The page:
Does Amazon know the demographic profile of my fan base? Does it understand how I’m shifting my career, changing media, tweaking the work itself? Do they know my long-term plan? No.

        To Amazon, my books are four among millions. Amazon has the overall picture, like a satellite view, but they don’t have the depth of understanding of my books as individuals that I do, which I would expect a publisher to have of its individual books.

        Yes, Amazon and Hachette can both walk away, but who does that benefit? No one, certainly not readers who enjoy Amazon’s shopping experience, and certainly not authors whose work would be less widely and handily available.

        Better to figure out who is in charge of what and create a framework in which everyone works together.

        Amazon can do A LOT to promote lower-priced ebooks through also-boughts and featured recommendations and placement of titles top-of-page. They don’t need to be so heavy-handed.

        Just walking away from someone who commands 60% of the market isn’t something to be done lightly. I’m sure Hachette realizes this.

        For Amazon to not carry a major publisher hurts them, too. They are the retailer people turn to because they carry every book. EVERY book. As soon as they become the retailer who carries 3/5 of the traditionally published books, they start to die.

        I’m really tired of this Type-A personalities and their pissing contests.Just work it out, guys. Really.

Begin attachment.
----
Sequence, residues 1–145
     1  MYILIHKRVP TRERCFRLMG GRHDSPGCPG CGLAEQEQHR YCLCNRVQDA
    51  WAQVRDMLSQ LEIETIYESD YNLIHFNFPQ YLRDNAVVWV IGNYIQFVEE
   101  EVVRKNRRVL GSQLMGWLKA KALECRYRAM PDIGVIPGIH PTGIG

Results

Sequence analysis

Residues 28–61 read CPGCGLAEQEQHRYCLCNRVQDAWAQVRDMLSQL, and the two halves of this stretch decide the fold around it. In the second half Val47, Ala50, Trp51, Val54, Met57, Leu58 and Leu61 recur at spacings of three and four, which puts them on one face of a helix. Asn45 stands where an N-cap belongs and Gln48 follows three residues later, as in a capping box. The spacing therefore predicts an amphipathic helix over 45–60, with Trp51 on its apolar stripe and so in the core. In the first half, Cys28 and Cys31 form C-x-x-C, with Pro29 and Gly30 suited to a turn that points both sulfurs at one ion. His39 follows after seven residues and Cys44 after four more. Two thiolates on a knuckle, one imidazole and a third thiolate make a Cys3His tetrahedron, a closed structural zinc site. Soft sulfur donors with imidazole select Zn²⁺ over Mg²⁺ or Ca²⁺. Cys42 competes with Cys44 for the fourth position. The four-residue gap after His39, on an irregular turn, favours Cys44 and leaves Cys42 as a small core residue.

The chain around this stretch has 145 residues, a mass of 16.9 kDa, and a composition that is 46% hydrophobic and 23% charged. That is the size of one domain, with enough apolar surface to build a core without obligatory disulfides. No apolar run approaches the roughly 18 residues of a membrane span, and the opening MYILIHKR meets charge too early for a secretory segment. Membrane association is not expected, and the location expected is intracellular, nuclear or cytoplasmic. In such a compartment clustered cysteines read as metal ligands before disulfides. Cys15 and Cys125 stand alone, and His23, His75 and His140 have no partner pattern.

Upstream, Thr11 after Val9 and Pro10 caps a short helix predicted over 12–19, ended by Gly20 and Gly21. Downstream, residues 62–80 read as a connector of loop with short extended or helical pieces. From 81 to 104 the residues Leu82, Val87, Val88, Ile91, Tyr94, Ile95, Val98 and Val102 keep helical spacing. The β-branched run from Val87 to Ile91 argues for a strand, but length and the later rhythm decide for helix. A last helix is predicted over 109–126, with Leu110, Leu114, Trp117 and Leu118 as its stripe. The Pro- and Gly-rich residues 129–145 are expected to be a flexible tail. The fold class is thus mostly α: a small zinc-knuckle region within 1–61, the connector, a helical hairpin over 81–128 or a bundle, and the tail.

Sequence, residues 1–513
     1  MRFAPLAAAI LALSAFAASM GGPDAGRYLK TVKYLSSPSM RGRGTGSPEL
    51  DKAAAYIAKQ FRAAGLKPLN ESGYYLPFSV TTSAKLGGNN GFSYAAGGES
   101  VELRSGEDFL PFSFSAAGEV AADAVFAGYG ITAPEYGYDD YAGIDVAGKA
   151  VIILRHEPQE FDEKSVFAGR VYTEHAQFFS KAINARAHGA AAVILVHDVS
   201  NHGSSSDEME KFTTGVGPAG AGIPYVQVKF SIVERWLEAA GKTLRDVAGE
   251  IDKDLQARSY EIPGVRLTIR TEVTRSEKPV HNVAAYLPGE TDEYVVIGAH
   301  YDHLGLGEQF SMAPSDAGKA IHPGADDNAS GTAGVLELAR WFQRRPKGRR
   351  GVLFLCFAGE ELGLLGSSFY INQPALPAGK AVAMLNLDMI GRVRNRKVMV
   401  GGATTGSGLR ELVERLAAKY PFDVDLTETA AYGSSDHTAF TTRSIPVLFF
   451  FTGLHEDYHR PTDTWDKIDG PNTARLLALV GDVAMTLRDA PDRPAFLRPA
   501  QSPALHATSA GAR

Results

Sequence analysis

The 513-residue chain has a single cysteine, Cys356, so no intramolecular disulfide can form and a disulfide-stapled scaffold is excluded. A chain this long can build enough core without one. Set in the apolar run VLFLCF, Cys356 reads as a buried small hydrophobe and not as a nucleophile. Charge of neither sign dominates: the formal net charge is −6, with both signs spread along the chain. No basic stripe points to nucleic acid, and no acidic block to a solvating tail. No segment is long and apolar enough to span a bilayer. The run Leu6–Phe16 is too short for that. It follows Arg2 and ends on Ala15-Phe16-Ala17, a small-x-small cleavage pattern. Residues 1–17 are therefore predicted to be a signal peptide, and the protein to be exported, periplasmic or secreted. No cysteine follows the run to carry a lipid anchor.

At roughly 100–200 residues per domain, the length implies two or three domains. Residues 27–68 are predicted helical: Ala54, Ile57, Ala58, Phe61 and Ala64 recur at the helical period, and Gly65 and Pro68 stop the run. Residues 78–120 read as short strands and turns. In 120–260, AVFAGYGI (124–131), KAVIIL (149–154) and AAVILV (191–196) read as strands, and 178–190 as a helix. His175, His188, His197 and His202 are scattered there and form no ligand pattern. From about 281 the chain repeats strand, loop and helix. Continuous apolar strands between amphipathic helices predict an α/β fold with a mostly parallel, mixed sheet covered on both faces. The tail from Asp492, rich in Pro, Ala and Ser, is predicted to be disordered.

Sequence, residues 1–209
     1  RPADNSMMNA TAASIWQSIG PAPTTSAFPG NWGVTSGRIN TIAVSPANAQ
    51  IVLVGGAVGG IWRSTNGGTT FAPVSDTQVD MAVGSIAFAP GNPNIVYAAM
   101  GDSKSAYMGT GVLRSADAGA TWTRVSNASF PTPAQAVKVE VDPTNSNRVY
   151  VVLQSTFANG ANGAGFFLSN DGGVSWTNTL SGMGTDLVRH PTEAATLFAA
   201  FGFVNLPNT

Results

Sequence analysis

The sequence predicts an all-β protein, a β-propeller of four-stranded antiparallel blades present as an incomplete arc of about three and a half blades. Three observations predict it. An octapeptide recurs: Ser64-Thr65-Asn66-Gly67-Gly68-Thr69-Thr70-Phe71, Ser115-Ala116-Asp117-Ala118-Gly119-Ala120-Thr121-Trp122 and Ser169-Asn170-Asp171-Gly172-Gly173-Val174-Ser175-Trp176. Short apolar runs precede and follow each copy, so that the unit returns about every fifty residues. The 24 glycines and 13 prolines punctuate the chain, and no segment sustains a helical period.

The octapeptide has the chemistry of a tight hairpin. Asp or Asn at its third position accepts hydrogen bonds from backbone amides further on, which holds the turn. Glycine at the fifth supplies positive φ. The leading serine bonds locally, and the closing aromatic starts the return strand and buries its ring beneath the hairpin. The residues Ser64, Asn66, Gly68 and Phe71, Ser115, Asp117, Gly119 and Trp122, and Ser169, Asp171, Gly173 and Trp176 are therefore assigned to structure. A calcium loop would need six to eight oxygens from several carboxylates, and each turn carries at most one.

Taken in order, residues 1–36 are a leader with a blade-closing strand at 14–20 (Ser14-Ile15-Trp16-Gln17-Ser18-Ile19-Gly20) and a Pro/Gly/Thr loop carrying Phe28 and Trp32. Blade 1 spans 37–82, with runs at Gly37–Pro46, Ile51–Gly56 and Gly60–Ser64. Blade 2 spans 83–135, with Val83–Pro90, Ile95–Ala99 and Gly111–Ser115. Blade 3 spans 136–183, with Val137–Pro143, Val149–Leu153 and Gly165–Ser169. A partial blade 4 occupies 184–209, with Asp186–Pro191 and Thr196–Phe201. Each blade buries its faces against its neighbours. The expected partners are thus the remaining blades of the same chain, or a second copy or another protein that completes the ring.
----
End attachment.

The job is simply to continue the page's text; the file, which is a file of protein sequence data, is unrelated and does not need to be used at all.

2. “Is Amazon forcing you to set it at the price they suggested, or just suggesting?”

        When Amazon pays 70% for books priced within the range of 2.99-9.99, and only 35% for books outside that range, yes, they effectively are forcing us to set our prices within that range. And for what reason? Not a practical one. There’s no added costs to Amazon selling ebooks outside that approved range. It’s purely a matter of Amazon deciding what your books should be priced at, instead of letting you decide.

        Now, of course Amazon has the right to set its own pricing policies. But let’s not pretend it has any good justification for that policy. It doesn’t. It just wants to control the market, rather than allow a free and open market. Do you really support that sort of approach?

        1. Well — it’s because Amazon’s data proves that books earn 16% more money when they’re priced between 2.99 and 9.99. The author/publisher isn’t the only one who gets 16% more — so does Amazon.